A step-by-step plan to create amazing content in a fraction of the time, AND daily action steps to stay on top of your social media marketing so it doesn’t derail your entire day.
It’s certainly been quite the year (coming up on two!) for small businesses around the world, and there’s no denying that social media marketing has played a huge part in the success and even failure of businesses, large and small. While many businesses took to experts to help them leverage social media marketing (specifically content marketing), as the landscape of commerce changed, many others were forced into a completely new type of marketing that they had never explored before.
DIY Social Media Marketing for Small Businesses
Ok, so it’s all a little dramatic, but you get the idea. The businesses with larger marketing budgets easily and quickly hired in-house marketing help or social media managers, and others hired agencies (like us) to help them create and manage social media content. But what about the rest of BC small businesses? Where did they turn?
Some were fortunate enough to get the BC Small Business Recovery Grant, and others received the launchonline.ca grant – both of which can be used for digital marketing and creating digital storefronts. But the vast majority of small business owners were left in the dark, trying to navigate the murky waters of ‘social media content marketing’.
The truth is, social media content marketing isn’t actually all that complicated, and anyone who tells you it is (spoiler alert), is likely trying to sell you something.
I’m going to break down the basics of social media content marketing for small business, and give you the best tools and tricks to save the most amount of time, and money!
There are 5 main elements to a strong social media content marketing strategy.
- An editorial calendar complete with proper content buckets (you can download a week of free sample content from my website which includes an editorial calendar template here)
- A social media content document
- Image and media templates
- A simple and effective content scheduling tool, and
- A daily checklist to keep you sane and on top of things
I’ll break each one of these elements down in a little more detail and give you some examples and places to download templates to save you some time!
Did you know that the average small business owner I chat with, spends 5-10 hours EVERY SINGLE WEEK creating social media content – wow! Imagine if you could accomplish creating gorgeous content in a fraction of that time and without all the hassle?! I create content in less than one hour a week and that includes creating the images to go with each post and scheduling it to my social media platforms. Yes… ONE hour. Not 2, not 3, not 10. ONE! This allows me to have peace of mind that everything is done and scheduled, and I can just pop in and out of social media once or twice a day to check for comments and messages that need to be tended to.
Ok, let’s go through each of the 5 elements of your strategy now…
1. An editorial calendar complete with proper content buckets.
An editorial calendar is a planning document that is your roadmap for all of your social media content at a high level. This is your BFF when it comes to planning and staying on top of your social media content game. This is where you (and your team if you have one), will add their ideas, upcoming promotions, upcoming blogs and newsletters, etc. It should be a collaborative document because it evolves and is a living, breathing document. You may have to edit and switch gears as things come up, so you always want this bad boy handy when looking at your content marketing.
Why do you need to have an editorial calendar?
- You will save time
What if I told you that you can stop taking down notes on a piece of paper whenever you have an idea and trade it in for a calendar full of ideas ready to go? Having an editorial calendar gives you a space to organize your thoughts and ideas (bye bye notebooks!). If you already have the plan (roadmap) of WHAT you’re going to post and when, you can focus on creating the actual content itself and not log in to Facebook each day and think ‘gee, what should I post today?’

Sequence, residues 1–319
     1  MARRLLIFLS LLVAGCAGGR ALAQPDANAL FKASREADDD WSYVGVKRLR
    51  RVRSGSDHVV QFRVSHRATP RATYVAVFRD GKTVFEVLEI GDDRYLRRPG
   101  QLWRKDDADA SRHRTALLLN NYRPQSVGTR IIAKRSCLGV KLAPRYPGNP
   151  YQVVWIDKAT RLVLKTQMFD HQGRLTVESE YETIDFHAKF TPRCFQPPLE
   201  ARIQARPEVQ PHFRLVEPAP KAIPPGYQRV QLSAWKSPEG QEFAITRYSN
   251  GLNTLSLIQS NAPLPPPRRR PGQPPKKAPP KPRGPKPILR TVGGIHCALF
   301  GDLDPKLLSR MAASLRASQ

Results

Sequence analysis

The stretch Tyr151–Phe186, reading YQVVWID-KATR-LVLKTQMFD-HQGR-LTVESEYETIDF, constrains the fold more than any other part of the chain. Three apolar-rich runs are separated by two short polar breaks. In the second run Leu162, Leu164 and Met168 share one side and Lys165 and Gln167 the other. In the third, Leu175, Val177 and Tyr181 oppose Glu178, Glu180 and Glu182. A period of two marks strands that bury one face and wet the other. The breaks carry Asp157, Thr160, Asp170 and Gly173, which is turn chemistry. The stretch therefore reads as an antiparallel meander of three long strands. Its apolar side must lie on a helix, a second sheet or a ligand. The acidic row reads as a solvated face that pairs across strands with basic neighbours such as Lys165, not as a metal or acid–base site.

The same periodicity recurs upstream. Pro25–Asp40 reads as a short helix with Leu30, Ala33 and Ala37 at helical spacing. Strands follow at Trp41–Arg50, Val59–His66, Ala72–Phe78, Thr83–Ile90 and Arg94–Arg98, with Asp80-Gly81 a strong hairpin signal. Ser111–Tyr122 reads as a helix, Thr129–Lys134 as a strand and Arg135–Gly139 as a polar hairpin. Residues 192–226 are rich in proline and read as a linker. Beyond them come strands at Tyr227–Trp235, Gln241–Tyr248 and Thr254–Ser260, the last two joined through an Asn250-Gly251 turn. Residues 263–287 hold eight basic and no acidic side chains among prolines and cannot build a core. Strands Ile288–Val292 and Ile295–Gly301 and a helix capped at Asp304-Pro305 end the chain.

- You will post more consistently
Being consistent and visible is the key to social media marketing for any small business. Your editorial calendar will force you to be consistent, and will keep you updated with events and occasions that you might want to celebrate or share with your audience online. Have you ever had something big to celebrate or a milestone that would have been just perfect to share with your social media audience but you remembered a month after it happened? Ya… me too. But not anymore with my editorial calendar because whenever I have something I need to remember to share, I plop it into the calendar and when I get to creating content for that week it’s already there for me. Phew!
- It will help you with your overall marketing strategy
Your editorial calendar will help you align your content to your overall marketing goals and social media strategy. Your content should fit within your content buckets, and your editorial calendar will help you make sure you are touching on each one throughout the week and month.
Ok, so let’s move on to how you can set up your own editorial calendar…
How to create an editorial calendar
- Step 1: A social media audit (maybe)
- If doing a social media audit is going to hold you up from getting started, skip this step! If you’re able to hire a professional to look at your social media channels and provide advice, this is a good time to do that while you’re getting things set up. This way they can give you real advice on what to create and when to create it so that you don’t waste time setting up campaigns that might not be of value to you and your business. Remember: Don’t let this step keep you from starting your actual calendar, but do plan on completing an audit at some point to help you get better with your social media marketing.
- Step 2: Define your goals
- Defining your goals is a must before you embark on a new social media content marketing strategy. It will prevent you from getting lost and will guide you in what type of content you will actually create. Think about your main priorities: Do you want to increase your followers? Do you want to attract more visitors to your website? Do you want to generate more leads? With this type of goal setting, you can then decide what type of content and media formats will help you in your content marketing journey.
- Step 3: Decide on your content planning and management tools
- There are many content planning and management tools available out there, you likely don’t need expensive software to map out and maintain your social media content and calendar, simple google sheets and google docs will probably do the trick! In fact, this is what we use for all of our clients and it works really well because they are collaborative tools that everyone can access at all times and add their own content and notes to.